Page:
Half a century of American foreign policy was designed to avoid this very outcome. The primary purpose of President Richard Nixon’s 1972 Beijing meeting with Mao Zedong, the founder of the People’s Republic, was to draw Communist China into the U.S. orbit and reinforce its nasty schism with the Soviet Union. By the 1990s, the fall of the Soviets and the capitalist ascent of China seemed to vindicate that approach—perhaps even heralding the ultimate triumph of American democracy over authoritarian threats and ushering in a “flat,” prosperous world.
Unfortunately, 2022 is shaping up to be a Cold War rewrite, with an unhappy ending. The adversarial shift in China’s overall posture, combined with President Xi Jinping’s apparent willingness to countenance Russia’s persistent aggression in Europe, could place the U.S. in the very predicament it evaded decades ago: a standoff with a tag team of nuclear-armed authoritarian states bent on rolling back American power. As Beijing’s relations with Washington have soured, those with Moscow are arguably friendlier than they have been since the 1950s. As if making up for a lost Cold War opportunity, the two dictatorships are supporting each other in their assaults on the U.S.-led world order.
The U.S. may not be prepared to counter this double menace. “This is really an unprecedented challenge, the threat of two peer or near-peer nuclear superpower competitors,” Matthew Kroenig, the deputy director of the Scowcroft Center for Strategy and Security at the Atlantic Council, told me. “We’ve always been able to build a nuclear force to deal with the Soviet Union and then later Russia, and then China, North Korea, and Iran were lesser cases.” Thus China’s buildup “raises really fundamental questions for U.S. nuclear strategy.”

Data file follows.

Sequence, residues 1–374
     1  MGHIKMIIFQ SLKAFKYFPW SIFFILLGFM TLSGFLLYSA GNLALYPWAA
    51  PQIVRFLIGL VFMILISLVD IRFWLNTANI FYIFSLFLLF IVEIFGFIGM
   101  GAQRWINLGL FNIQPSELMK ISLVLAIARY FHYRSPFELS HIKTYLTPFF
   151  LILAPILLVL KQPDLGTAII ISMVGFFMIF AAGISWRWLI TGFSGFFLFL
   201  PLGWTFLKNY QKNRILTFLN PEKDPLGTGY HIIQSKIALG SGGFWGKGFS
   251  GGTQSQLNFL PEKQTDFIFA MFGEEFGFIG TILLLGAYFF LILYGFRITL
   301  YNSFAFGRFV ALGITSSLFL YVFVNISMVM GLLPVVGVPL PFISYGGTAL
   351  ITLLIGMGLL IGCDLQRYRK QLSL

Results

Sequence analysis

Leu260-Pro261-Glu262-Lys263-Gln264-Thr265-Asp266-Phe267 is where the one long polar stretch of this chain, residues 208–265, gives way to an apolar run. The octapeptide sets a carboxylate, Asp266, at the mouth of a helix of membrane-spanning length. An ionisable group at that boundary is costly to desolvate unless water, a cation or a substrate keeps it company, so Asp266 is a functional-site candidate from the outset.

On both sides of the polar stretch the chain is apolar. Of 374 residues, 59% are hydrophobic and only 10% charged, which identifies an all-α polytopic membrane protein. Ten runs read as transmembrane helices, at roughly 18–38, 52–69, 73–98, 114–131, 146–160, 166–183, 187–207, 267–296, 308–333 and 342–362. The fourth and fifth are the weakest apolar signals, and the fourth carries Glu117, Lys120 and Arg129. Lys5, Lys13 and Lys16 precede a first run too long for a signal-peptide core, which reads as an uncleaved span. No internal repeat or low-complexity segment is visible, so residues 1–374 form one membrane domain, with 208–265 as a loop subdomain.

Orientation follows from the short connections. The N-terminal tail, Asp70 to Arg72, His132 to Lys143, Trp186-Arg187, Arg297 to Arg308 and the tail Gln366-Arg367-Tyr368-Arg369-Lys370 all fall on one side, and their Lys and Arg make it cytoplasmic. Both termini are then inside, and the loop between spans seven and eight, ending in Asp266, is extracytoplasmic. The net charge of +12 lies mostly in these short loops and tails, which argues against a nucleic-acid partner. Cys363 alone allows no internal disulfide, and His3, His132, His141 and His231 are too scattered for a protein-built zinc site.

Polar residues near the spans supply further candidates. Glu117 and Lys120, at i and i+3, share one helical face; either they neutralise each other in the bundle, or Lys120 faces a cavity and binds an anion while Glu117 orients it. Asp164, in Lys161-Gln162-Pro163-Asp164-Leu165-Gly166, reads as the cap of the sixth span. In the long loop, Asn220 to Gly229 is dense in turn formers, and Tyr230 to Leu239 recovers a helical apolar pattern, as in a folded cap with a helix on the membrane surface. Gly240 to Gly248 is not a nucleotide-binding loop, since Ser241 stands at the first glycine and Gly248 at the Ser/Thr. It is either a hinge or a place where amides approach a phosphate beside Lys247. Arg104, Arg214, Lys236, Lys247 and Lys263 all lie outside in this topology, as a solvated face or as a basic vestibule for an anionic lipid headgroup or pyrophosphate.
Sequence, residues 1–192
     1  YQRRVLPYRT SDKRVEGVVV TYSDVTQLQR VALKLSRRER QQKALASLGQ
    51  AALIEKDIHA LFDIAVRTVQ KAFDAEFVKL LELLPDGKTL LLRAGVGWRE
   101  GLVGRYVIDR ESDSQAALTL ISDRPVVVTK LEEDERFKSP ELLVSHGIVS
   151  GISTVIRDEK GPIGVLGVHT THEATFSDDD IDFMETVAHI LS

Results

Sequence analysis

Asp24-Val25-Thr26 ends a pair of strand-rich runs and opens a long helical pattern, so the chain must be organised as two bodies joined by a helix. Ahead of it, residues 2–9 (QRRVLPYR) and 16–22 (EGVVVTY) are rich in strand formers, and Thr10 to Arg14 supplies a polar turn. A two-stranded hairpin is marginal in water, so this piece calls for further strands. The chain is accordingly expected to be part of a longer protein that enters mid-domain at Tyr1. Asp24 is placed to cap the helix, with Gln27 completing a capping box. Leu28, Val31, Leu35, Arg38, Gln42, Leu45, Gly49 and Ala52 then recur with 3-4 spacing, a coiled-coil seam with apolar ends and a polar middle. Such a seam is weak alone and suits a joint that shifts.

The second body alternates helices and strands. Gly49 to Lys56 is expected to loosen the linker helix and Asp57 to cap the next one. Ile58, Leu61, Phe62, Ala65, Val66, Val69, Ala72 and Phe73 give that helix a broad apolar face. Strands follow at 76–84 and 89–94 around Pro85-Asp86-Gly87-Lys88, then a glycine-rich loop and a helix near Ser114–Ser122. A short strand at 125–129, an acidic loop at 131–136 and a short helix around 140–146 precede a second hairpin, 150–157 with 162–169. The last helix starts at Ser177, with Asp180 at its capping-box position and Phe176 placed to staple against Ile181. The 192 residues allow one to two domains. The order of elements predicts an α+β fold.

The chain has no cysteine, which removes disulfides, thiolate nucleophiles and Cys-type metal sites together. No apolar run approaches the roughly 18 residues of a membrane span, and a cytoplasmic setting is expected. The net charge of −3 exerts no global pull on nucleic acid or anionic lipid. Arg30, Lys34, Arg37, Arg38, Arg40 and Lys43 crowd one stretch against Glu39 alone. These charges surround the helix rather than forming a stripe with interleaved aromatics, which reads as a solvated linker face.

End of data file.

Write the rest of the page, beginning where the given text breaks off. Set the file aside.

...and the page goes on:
Cold War comparisons to understand U.S.-China relations today are typically misplaced. But perhaps less so when it comes to nukes. The two sides may be doing what the U.S. and Soviet Union did in the Cold War’s early stages: hurtling toward a nuclear confrontation without a safety net. “In the old Cold War calendar, it’s like 1960,” John Culver, a retired CIA analyst who once served as the U.S. intelligence community’s top East Asia expert, told me. “Both sides are arraying themselves for strategic competition, but for the U.S. at least, a coherent strategy has yet to emerge. At some point, there will be a bilateral crisis between us and China, and at that point, we both stare into the abyss, like the Cuban missile crisis forced both sides to, and decide on the parameters for dialogue. Or fail to achieve a dialogue and risk steep escalation and possible war between two nuclear powers.”